updated 7/29/2005 2:06:08 PM ET 2005-07-29T18:06:08

Chevron Corp.'s second-quarter profit topped analyst expectations, but it wasn't enough to impress investors as the second largest U.S. oil company jousts with a Chinese rival in a battle to buy Unocal Corp.

Unocal didn't lessen its takeover appeal with its second-quarter results, which were released Friday shortly after Chevron's.

San Ramon-based Chevron said it earned $3.68 billion, or $1.76 per share, for the three months ended June 30. That represented an 11 percent decline from net income of $4.13 billion, or $1.94 per share, at the same time last year.

It wasn't an apples-to-apples comparison because last year's quarter included an $800 million lift from asset sales and a tax benefit.

Revenue for this year's quarter totaled $48.3 billion, a 26 percent increase from $38.2 billion last year.

Chevron's earnings topped the mean estimate of $1.69 per share among analysts surveyed by Thomson Financial.

Exceeding those expectations was especially important for Chevron as the company girds for a pivotal round in its duel with China's government-owned CNOOC Ltd. for ownership of Unocal.

El Segundo-based Unocal's board is recommending that its shareholders accept Chevron's bid even as CNOOC fights to overcome U.S. political opposition to win with a higher all-cash bid of $18.1 billion, or $67 per share.

Chevron's cash-and-stock bid is valued at $17.2 billion, or $63.79 per share, based on Friday afternoon trading on the New York Stock Exchange, where Chevron's shares fell 38 cents to $58.56.

A vote of Unocal shareholders is scheduled Aug. 10.

Anything that causes Chevron's stock to rise would help narrow the gap between the two offers because 60 percent of the Chevron bid consists of the company's stock. Had Chevron's earnings missed analyst expectations, the company's stock — and the value of its Unocal bid — probably would have plunged even further.

The stellar second-quarter results previously released by other major oil companies had raised hopes that Chevron would surpass analyst expectations by a much wider margin than it did, said Fadel Gheit of Oppenheimer & Co. "Beating the consensus wasn't much of an accomplishment," he said.

Wall Street's tepid response to Chevron's quarter may embolden CNOOC as it tries to persuade Unocal to side with its offer despite a political backlash that threatens to delay the deal for months, if not derail it completely.

CNOOC, part of the China National Offshore Oil Corp., already has been authorized to raise its bid to $69 per share, according to documents filed with the Securities and Exchange Commission earlier this week.

But CNOOC has to balance its ability to raise its bid against its desire to avoid providing more political ammunition to its critics in Washington. Already, several lawmakers have asserted that CNOOC has an unfair advantage over Chevron because its bid depends on financing from the Chinese government. Throwing more money at Unocal's shareholders might amplify that criticism.

CNOOC has "to walk a tight rope," Gheit said. "They desperately want Unocal, but they don't want to do anything to scare the people in Congress."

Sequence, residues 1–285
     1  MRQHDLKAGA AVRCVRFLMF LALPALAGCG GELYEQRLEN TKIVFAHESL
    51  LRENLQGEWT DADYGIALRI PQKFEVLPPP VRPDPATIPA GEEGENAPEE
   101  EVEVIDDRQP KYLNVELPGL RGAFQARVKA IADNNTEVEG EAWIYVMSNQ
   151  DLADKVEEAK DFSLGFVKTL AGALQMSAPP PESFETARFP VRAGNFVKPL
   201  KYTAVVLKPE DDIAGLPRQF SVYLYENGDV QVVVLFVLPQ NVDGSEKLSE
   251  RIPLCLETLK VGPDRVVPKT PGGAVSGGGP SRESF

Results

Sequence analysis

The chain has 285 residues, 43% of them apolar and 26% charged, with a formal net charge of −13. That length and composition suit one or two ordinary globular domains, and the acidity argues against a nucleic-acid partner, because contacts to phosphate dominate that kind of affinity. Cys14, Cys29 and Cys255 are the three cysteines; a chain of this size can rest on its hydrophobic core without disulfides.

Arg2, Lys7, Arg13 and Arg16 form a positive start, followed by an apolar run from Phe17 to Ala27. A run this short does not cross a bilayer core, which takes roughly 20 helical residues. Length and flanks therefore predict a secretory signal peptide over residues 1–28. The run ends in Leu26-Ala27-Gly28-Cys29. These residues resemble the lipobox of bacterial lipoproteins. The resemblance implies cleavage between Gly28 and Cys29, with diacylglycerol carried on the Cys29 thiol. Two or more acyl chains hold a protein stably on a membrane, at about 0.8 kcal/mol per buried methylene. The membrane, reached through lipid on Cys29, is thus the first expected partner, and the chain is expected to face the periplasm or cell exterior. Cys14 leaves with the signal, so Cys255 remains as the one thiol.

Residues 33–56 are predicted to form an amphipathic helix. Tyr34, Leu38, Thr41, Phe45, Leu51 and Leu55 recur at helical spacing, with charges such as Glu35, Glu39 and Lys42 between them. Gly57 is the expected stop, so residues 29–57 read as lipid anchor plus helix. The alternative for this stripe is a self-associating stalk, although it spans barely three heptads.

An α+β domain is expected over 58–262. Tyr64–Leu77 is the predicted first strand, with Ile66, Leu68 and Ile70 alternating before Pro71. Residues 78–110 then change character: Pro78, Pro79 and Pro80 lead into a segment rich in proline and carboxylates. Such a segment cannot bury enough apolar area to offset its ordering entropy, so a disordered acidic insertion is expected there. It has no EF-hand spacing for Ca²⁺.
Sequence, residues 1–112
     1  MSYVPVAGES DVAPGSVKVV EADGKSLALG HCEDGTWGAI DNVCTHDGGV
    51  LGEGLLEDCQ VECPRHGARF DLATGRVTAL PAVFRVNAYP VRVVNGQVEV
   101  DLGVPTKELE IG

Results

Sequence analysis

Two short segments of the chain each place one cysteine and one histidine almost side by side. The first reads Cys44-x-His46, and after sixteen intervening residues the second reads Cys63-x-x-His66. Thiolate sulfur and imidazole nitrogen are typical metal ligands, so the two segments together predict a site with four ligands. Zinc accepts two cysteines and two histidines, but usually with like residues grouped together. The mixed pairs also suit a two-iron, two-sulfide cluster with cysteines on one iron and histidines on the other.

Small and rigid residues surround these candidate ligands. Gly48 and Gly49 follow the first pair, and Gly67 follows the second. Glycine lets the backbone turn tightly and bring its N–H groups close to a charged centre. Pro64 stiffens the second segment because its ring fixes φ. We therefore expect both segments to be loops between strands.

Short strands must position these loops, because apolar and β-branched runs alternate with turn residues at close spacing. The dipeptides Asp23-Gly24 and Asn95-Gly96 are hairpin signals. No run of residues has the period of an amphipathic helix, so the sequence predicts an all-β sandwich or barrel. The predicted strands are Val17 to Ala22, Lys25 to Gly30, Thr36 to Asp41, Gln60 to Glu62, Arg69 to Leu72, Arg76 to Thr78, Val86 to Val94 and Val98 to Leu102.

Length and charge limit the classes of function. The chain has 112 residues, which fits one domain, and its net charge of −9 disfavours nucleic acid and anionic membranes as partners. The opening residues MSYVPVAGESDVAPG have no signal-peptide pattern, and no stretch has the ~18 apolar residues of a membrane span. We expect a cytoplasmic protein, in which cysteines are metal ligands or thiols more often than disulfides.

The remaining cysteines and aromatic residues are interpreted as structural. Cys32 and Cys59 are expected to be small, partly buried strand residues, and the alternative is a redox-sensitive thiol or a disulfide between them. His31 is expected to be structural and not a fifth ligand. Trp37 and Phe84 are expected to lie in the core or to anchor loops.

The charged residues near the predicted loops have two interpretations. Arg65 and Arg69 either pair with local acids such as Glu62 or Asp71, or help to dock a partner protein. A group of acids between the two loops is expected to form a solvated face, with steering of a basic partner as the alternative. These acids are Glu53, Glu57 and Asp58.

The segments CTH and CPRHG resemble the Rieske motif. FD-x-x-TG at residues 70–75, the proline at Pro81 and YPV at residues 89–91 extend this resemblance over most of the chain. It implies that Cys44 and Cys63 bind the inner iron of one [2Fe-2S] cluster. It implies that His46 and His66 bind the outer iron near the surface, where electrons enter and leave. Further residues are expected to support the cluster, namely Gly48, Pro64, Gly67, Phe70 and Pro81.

Many analysts believe CNOOC will raise its bid next week just as Congress is preparing for summer recess. But a Hong Kong newspaper, quoting an unnamed source involved in the negotiations, has reported CNOOC is leaning toward abandoning its bid next .

A message left for a CNOOC spokesman in New York wasn't immediately returned.

Like the rest of its industry, Unocal also thrived in the second quarter. The company said it earned $475 million, or $1.73 per share, a 39 percent increase from net income of $341 million, or $1.25 per share, last year. Revenue for the quarter totaled $2.21 billion, a 19 percent increase from $1.8 billion last year.

If several extraordinary items had been factored in, Unocal said it would have earned $1.77 per share. That figure surpassed the mean analyst estimate of $1.63 per share, according to Thomson Financial.

Unocal's shares dropped 42 cents to $64.78 on the New York Stock Exchange. The decline indicates Wall Street is betting Unocal shareholders will accept Chevron's lower bid.

Rising oil prices helped Chevron lock in hefty profits. The company fetched an average of $45.19 per barrel of crude oil in the second quarter, a 34 percent increase from $33.74 per barrel a year ago.

But declining production prevented Chevron from fully capitalizing on the market conditions. Oil production domestically slipped 15 percent to 740,000 barrels per day while international oil production dipped 2 percent to 1.68 million barrels per day.

What's more, refinery outages reduced Chevron's profit by $150 million to $200 million during the quarter, Chief Financial Officer Steve Crow told analysts during a Friday conference calls.

Acquiring Unocal's oil holdings in Asia and the Gulf of Mexico would enable Chevron to ramp up its production.

Chevron and Unocal released their earnings at a pivotal juncture. Both companies have scheduled meetings with Unocal's shareholders during the next week to explain why they believe their marriage would be more profitable in the long run than if Unocal were to be sold to CNOOC at a higher price.

With those meetings still looming, Chevron management said little about the Unocal deal in Friday's conference call other than to predict a successful takeover would boost its earnings. "The deal's economics are very favorable," Crow said.

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